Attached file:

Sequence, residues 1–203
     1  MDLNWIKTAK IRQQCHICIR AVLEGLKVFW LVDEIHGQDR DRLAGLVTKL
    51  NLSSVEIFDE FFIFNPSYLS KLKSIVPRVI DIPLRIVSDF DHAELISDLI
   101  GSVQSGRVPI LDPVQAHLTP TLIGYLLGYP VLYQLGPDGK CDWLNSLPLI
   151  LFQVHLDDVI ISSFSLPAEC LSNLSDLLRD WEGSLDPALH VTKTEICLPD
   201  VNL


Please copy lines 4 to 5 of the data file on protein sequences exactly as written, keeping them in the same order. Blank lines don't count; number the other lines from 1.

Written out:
   101  GSVQSGRVPI LDPVQAHLTP TLIGYLLGYP VLYQLGPDGK CDWLNSLPLI
   151  LFQVHLDDVI ISSFSLPAEC LSNLSDLLRD WEGSLDPALH VTKTEICLPD